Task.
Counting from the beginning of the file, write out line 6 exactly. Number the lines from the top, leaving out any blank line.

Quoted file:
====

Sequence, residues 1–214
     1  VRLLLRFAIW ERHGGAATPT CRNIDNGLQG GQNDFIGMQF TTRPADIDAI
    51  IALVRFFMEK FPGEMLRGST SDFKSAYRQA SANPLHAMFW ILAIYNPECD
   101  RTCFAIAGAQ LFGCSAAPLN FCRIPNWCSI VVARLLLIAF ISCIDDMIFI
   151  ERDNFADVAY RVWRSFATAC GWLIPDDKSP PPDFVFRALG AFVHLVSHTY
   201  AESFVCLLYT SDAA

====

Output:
   201  AESFVCLLYT SDAA